Confessions of an ex-Army officer
Recently, the former Chief of Army Staff wrote a letter to the Prime Minister regarding the ill-preparedness of Indian troops and ammunition in case of a war. This prompted a lot of discussion in the media about the relevance of the letter and whether the Chief was justified in writing it. As someone who fought the Kargil war in 1999 and also commanded hundreds of troops, I completely agree with the contents of the letter.
When the Kargil war happened, we were taken by surprise. No one had ever thought that Pakistani troops would venture to cross the Line of Control. I was given a 12-hour notice to move my troops to the border. I pointed out to my immediate senior that the equipment we possessed belonged to 1970s and 1980s vintage. With such obsolete ammunition, we were in no position to cross the treacherous mountain passes and reach the operational area. Concerned, I demanded better equipment. My request was met with outrage and my senior refused to comply with my demands. In fact, I was told, “I don’t know how you are going to manage. Start pushing your guns if need be. I couldn’t care less.”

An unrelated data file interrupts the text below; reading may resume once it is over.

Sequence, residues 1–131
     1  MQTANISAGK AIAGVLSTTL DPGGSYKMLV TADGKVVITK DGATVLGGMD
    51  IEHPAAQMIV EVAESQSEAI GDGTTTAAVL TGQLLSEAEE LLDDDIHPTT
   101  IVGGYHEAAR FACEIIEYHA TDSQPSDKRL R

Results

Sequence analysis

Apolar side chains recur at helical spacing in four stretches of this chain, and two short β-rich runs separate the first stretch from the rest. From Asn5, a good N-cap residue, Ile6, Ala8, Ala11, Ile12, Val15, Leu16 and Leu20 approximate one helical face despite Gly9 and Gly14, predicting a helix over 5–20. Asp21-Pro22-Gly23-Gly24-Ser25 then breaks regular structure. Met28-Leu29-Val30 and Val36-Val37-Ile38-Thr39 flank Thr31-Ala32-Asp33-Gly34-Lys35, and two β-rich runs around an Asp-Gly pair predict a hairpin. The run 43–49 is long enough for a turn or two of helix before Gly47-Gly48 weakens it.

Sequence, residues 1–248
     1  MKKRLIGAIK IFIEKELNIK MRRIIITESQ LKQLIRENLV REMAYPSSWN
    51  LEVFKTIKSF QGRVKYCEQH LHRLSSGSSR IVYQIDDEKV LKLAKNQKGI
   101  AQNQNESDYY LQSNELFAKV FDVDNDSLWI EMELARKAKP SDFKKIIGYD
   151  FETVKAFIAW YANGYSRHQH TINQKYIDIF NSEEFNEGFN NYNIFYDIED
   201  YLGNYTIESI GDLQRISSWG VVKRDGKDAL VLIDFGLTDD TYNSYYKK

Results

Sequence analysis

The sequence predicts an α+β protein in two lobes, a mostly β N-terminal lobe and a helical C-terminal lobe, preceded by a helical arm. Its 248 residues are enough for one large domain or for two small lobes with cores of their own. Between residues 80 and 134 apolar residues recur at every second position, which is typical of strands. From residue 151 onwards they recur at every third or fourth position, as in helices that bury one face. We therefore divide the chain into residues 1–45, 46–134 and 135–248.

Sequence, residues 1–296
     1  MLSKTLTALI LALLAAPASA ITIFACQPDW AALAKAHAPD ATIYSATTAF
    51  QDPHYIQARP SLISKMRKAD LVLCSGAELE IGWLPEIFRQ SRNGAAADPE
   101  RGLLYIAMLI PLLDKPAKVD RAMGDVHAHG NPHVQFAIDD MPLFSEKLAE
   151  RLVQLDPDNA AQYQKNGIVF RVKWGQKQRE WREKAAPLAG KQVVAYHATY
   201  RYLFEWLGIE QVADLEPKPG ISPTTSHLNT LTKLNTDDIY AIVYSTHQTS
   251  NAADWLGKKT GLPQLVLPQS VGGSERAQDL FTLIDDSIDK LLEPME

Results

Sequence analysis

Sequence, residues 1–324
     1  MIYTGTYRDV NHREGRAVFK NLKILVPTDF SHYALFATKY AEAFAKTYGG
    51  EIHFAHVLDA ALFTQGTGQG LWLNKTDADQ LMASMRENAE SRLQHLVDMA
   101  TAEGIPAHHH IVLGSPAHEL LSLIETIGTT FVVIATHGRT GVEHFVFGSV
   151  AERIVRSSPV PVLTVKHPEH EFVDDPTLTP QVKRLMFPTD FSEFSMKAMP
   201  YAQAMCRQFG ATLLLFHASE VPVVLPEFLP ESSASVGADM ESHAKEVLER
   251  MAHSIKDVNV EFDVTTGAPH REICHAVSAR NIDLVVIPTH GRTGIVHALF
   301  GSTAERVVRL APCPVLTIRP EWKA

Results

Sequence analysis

Eventually I moved my regiment by seeking help from locals and pooling the vehicles used by them. After reaching the operational area, I found that we did not even have radio sets. We had to use field telephones, which get easily disrupted in situations of shelling. The new equipment we were promised never came until the war got over.
As a nation, we are ruled by complacency. The top brass of the Army has to speak up and take charge if things are to change. But no one wants to bell the cat and upset the order of things. Why would anyone want to be held culpable when they are only at the strategic level and not the ones fighting the actual war?
(The individual served in the army for over 40 years)
As told to Sujatha Subramaniam